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Spa City budget grows 1.8%

Spa City budget grows 1.8%

Bonds will cover cost of damage from lightning strike
Spa City budget grows 1.8%
First responders put out a fire from a lightening strike at City Hall on Aug. 18.
Photographer: Erica Miller/Gazette Photographer

SARATOGA SPRINGS — The city is proposing a 0.38 percent tax hike to cover a 1.3 percent spending increase in its proposed 2019 budget.

The spending plan also addresses repairs needed to reopen City Hall to the public and to city employees. 

Since an August lightning strike moved all city business from City Hall to the City Center, the cost and timetable for the repairs have been unknown. 

During her budget presentation at Tuesday's City Council meeting, Commissioner of Finance Michelle Madigan gave the first preliminary estimate the price tag: $3.4 million, to be paid for initially with bonds and ultimately recovered from the property tax fund. 

Madigan said insurance should cover as much as $4 million in repairs, but that figure could change as well.

Madigan and her deputy, Mike Sharp, attributed the spending increases in the budget — which will go from $46,136,623 to $46,968,984 — mainly to a 19% increase in departmental revenue. 

Sharp said items like building permits, licenses, and other fees were the biggest factors in the increase. 

During her presentation, Madigan also touted the city maintaining its AA bond rating and not exceeding the state property tax cap override. 

The city's sales tax revenue has also grown, with Madigan projecting a 2 percent increase in 2019 to around $12.75 million in revenue. The key factor in the Spa City's sales tax revenue, according to Madigan, is the July-August track season. Revenue from that period in 2018 has not been reported yet, and could bolster the total even further.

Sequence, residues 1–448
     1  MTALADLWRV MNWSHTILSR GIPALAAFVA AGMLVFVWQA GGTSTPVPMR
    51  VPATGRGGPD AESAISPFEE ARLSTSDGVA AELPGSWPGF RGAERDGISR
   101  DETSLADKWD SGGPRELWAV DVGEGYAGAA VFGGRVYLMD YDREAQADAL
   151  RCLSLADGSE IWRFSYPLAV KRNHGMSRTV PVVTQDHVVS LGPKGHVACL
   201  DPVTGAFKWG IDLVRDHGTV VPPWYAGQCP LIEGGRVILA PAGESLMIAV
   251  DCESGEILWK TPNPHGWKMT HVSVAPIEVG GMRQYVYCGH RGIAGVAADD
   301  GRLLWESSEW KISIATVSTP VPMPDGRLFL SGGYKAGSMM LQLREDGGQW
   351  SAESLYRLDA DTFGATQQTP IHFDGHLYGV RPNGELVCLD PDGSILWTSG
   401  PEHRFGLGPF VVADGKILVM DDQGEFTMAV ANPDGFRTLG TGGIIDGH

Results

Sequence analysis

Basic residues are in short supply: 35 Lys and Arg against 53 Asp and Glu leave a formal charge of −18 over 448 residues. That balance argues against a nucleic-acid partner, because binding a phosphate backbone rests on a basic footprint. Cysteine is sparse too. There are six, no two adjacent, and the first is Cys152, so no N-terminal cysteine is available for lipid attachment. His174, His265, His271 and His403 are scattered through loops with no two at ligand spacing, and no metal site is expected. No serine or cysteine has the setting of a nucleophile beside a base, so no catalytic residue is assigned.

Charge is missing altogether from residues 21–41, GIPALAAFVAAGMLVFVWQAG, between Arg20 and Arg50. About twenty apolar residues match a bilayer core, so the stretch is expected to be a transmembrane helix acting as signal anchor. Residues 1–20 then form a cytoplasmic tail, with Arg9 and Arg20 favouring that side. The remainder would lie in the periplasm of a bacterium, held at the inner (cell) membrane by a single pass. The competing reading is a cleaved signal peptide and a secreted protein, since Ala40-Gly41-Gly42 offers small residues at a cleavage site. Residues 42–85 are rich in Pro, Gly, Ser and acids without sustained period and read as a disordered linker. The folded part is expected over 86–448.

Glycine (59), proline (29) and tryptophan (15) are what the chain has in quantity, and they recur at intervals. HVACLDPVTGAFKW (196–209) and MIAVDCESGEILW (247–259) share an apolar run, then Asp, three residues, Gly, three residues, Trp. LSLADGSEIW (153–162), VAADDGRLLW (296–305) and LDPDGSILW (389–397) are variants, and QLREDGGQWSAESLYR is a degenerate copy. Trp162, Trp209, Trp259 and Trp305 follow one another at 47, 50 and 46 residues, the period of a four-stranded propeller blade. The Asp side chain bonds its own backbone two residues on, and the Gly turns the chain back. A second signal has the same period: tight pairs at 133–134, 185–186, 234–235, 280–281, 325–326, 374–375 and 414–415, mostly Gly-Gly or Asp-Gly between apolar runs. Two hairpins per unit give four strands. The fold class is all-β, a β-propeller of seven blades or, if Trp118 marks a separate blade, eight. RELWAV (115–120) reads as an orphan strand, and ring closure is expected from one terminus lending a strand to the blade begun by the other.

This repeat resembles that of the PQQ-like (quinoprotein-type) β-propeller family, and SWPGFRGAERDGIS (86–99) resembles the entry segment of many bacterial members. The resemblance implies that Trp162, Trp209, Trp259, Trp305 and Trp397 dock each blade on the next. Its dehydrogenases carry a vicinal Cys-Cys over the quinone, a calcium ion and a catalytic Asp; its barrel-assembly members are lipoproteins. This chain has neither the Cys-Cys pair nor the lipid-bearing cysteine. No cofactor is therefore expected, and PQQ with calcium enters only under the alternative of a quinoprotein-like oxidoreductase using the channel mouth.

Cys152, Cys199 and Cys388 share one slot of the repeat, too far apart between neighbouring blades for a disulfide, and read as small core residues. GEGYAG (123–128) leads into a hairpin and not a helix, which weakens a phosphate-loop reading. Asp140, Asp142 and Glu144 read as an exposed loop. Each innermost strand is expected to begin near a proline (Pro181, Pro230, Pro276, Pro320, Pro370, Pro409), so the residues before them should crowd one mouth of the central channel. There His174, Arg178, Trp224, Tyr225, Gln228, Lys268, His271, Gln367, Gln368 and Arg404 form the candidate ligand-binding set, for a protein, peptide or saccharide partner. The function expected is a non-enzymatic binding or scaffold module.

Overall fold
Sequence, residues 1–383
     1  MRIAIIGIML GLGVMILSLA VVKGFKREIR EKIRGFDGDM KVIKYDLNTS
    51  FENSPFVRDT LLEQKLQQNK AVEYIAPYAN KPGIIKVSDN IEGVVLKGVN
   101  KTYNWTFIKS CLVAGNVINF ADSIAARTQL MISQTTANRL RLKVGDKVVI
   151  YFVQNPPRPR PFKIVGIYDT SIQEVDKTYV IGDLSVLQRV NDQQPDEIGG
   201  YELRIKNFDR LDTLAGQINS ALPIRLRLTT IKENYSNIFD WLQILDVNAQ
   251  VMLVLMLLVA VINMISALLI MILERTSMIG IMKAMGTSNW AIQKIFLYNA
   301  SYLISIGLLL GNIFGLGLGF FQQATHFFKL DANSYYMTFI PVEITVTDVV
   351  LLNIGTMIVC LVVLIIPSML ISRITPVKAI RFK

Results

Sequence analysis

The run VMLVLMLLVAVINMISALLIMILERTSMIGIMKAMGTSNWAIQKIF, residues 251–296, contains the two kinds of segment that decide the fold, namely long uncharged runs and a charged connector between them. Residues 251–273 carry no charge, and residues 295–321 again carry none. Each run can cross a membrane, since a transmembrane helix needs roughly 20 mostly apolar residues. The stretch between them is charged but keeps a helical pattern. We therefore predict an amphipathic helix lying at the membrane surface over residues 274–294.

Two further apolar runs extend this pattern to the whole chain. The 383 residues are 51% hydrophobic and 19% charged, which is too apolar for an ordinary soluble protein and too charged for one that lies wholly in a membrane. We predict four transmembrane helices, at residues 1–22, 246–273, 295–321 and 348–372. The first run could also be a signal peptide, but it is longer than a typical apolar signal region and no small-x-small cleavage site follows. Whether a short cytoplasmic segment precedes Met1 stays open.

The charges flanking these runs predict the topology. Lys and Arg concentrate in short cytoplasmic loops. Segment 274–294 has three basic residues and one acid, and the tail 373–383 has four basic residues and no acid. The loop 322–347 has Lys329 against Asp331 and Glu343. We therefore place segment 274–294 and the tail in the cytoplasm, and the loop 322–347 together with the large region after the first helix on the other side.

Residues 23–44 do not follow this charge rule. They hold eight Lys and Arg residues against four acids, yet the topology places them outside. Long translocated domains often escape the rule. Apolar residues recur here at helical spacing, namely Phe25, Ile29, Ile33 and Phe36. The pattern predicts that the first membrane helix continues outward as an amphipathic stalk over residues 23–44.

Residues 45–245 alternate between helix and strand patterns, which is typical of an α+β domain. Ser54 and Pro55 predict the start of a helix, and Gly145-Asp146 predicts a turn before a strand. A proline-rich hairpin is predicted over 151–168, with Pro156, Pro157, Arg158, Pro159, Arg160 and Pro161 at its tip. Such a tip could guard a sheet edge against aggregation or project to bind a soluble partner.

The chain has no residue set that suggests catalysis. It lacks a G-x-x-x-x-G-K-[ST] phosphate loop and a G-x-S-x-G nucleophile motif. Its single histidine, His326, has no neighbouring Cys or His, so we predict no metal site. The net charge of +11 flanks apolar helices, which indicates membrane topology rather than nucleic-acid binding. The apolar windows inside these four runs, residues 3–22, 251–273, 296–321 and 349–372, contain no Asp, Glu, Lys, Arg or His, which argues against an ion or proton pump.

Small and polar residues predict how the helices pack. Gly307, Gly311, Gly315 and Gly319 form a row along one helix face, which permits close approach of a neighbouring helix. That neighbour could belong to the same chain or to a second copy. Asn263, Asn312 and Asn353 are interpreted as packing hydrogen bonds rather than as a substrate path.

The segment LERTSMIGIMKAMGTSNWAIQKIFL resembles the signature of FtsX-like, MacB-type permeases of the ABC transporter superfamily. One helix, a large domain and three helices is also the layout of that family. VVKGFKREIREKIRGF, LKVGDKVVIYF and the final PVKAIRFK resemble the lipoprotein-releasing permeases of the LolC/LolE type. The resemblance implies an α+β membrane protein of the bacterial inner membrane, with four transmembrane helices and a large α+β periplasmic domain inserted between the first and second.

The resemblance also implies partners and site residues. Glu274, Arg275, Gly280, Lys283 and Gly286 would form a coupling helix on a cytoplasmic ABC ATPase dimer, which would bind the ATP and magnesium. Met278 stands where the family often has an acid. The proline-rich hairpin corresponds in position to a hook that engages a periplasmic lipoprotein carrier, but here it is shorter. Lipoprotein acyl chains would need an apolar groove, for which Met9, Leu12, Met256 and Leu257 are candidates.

While personnel expenses for the city have grown, Madigan said savings have come in retirement system and other benefits, partially due to new hires paying more of their own salary into the retirement system than current retirees did, thus reducing the financial burden on the city. 

Personnel expenses still will account for the largest portion of the budget, at 57 percent, and the property tax will remain the city's largest revenue source, at 34 percent. 

Madigan cautioned the City Council and the public during the meeting about borrowing money — there are several substantial bond expenditures in public safety coinciding with the City Hall repairs — and about drawing too much from the city's rainy day fund. 

About 19 percent of the city's $2.4 million reserve fund will be used for the budget, which includes $300,000 in retirement savings. However, Madigan said she is confident in growing sales tax revenue along with the city's continued growth in departmental revenue. 

"One of my top priorities is to try to reduce the amount we take from the fund balance," Madigan said after the Tuesday night meeting. "Normally, drawing that amount would indicate the likelyhood of running a deficit, but I've been able to run a surplus in past budgets." 

Mayor Meg Kelly indicated that she was pleased with the budget, and added that the City Hall repair cost could still fluctuate depending on what the project manager and the insurance company find. 

By November, Madigan said she will have a better idea what the total cost will be for the City Hall repairs, along with a more firm grasp on revenue with the sales tax numbers coming in by late October.

Correction 9 a.m., Oct. 10, 2018: This story has been corrected to indicate that the $3.4 million in City Hall repairs is to come from property tax fund bonds.

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